JACK CASEY- 12/10
is functioning ceramic art, exploring ideas of permanent use, it can be used decoratively when wall mounted, or functionally as plates and platters on the flat surface. This collection was exhibited at New Designers 2019, acclaimed as 'University Highlights' and Awarded the PotClays Graduate Award 2019.
I designed this collection of work in my final year of my degree, Design Crafts, at De Montfort University. (you can check out my blog post 'about my degree' for more info) This was my FMP or final major project and was the culmination of a year long project, as well as the application of all the skills I had learned over my 3 year degree.
Looking back at this project, it stand out for me as the most technically difficult things I have made as well as the most conceptually sophisticated work, real ceramic art. The technical difficulties along the road of designing and making this project meant at times I was simply fed up with it; I hated it at times and I certainly did'nt love the outcome or the process of making it.
This is probably quite common amongst artists and designers; you become so close to the work and the making of it that its hard to see it in any other light than a negative one, noticing its every flaw and imperfection. Especially when working on a project over a long period of time and constantly having the work reviewed and scrutinised.
All that being said, I now look back and realise that i relished the difficulties. The many many failures and redesigns and visits back to the drawing board are what made this project worth while. It tested and developed my skills, and my character also; forcing me time and time again to pick myself up after a disappointment and keep trying. I can now sit back and feel proud of the work, and look forward to making some commissions.
The ideas for this project began during the summer holidays as most of my ideas usually do with looking at my surroundings, notably the architecture of the cities and towns i have spent my life. Initially, much to the entertainment of various friends of mine, I was looking at chimneys. I was interested in them for their forms; if you look out of a top window of any pre 20th century terraced housing estates you will see collections of chimneys of all different shapes and sizes. They remind me of a group of pots, closely nestled together in little compositions, sat on plinths atop the sea of housing. I also began to think of how interesting it was that these objects served such an important functional purpose when they were originally made and installed, but now are almost completely obsolete. No one in the city really needs a chimney anymore, we don't tend to burn wood or coal as often as we used to, yet still even new houses are fitted with a chimney just to look, well, right.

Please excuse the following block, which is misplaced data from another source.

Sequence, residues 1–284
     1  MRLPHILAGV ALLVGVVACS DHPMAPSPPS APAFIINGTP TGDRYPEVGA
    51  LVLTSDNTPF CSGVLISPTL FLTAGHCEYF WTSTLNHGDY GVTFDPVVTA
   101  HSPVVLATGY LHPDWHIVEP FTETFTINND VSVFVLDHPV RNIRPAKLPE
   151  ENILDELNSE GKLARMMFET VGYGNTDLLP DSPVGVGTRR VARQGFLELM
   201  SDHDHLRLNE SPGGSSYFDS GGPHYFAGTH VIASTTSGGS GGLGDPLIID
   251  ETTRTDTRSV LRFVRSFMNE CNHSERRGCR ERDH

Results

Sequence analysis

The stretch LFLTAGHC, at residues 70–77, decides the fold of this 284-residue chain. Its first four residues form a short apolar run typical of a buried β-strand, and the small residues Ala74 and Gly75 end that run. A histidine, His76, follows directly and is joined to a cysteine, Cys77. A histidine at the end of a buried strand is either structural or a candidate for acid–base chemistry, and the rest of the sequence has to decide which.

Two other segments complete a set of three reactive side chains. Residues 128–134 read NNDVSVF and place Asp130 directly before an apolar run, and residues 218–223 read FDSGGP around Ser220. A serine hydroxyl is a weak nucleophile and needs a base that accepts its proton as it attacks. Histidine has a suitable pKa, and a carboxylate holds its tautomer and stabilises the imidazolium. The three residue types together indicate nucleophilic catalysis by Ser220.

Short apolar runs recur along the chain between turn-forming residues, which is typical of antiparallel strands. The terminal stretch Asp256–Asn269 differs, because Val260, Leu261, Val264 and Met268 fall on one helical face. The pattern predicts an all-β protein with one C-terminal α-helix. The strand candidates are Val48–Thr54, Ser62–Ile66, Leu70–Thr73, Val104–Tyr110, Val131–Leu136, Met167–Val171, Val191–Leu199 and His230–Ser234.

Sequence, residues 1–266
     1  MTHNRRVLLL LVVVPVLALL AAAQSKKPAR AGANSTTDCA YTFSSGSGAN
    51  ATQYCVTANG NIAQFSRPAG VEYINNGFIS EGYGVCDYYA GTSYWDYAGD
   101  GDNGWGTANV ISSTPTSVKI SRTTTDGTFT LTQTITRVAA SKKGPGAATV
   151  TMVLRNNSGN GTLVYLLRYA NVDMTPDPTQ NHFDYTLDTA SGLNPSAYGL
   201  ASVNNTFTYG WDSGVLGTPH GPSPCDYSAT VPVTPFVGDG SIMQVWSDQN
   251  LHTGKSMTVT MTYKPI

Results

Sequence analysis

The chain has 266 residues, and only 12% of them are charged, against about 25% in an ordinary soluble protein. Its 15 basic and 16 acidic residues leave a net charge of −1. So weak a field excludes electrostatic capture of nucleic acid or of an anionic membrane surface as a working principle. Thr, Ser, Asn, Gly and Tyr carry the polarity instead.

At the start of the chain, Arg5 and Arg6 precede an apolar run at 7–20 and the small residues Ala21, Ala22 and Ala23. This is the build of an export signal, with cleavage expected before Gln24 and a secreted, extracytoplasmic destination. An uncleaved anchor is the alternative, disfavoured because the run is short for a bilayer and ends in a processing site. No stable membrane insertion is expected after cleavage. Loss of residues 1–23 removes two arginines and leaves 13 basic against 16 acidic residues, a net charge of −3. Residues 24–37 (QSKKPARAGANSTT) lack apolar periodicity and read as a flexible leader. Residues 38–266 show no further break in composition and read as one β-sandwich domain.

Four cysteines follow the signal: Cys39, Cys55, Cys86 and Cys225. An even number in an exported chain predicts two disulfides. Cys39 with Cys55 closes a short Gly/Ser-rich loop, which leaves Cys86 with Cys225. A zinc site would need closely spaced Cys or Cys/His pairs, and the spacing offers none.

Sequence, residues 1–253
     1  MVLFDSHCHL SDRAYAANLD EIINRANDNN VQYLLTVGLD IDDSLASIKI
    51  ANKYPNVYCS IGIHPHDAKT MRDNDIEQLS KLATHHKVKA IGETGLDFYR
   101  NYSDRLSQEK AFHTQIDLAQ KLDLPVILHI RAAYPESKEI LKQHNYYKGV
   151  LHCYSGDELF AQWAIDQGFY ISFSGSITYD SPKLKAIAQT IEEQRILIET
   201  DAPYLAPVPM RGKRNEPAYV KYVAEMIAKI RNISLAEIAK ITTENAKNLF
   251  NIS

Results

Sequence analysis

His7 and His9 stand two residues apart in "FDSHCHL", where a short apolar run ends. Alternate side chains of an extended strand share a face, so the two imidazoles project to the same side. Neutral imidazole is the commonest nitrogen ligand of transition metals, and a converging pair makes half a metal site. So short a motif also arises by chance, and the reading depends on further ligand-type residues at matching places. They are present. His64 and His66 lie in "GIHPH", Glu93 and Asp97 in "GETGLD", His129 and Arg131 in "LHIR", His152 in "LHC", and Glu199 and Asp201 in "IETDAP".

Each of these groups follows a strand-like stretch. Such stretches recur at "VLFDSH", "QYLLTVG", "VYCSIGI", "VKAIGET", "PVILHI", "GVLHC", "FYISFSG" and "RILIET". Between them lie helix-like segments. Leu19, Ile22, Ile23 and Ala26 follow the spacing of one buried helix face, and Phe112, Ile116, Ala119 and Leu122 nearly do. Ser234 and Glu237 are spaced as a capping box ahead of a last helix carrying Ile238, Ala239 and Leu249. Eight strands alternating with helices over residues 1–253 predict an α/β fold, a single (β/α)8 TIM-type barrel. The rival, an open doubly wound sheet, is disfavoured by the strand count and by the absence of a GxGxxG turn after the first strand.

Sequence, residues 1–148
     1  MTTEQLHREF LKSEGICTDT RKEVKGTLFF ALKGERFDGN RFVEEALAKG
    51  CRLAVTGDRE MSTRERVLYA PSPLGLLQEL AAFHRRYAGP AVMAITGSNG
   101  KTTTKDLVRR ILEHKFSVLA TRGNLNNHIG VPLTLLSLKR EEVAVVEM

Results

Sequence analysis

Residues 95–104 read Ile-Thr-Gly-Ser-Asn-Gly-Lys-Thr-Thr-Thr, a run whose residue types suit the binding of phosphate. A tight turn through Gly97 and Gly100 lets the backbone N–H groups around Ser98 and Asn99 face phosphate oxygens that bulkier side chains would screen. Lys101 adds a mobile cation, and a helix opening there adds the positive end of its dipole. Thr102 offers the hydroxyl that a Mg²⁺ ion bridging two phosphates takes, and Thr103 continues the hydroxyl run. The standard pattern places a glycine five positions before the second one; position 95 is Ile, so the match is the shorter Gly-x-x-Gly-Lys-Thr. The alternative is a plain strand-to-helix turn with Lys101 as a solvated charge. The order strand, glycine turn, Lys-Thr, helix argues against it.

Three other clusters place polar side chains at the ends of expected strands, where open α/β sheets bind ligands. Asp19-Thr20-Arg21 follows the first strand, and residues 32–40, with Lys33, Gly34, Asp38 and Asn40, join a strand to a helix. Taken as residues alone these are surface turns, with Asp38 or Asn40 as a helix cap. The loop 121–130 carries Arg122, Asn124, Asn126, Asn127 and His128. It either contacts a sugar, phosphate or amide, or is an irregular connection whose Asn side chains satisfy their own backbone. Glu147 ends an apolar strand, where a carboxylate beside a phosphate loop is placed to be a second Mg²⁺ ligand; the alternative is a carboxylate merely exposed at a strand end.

This idea of redundancy was interesting and i started looking for examples of old, large and obsolete chimneys from the industrial past of the UK. However these are surprisingly hard to find, a quick youtube search reveals why, 'old chimney demolition' videos are all over the web.
Taking a step back I started playing around with this idea that chimneys are like a collection of pots, compiled upon plinths or stacks. Very quickly the ideas turned towards pots slotting into location points on plinths, of two sections fitting together.
On returning to Uni for my 3rd year, I was encouraged to put any idea of final pieces or function out of mind and focus on ideas, making and sampling. So I began down the road road of making these big chunky plaster blocks, that did nothing else but connect to each other in interesting and in my eyes satisfying ways. The idea was that these artefacts were beautiful objects in their own right, and their use was simply to be nice to look at.
This got me thinking about use and function. Some makers, myself included, feel a pressure to make something functional and fear making objects with no obvious function other than that of being displayed. Its hard to describe, but there is almost this nervous anxiety that someone will ask you 'well what does it do' and all you can say back is 'well nothing'. Of course this is a flawed notion; we do not question the function of a portrait or painting, we appreciate it for its aesthetic beauty or ability to make us stop and look, and think. from this I decided I wanted to make something that would fit both criteria, functional artworks, to be used and displayed. Of course displaying something gives it a function, but i wanted something that had another use other than that of being displayed.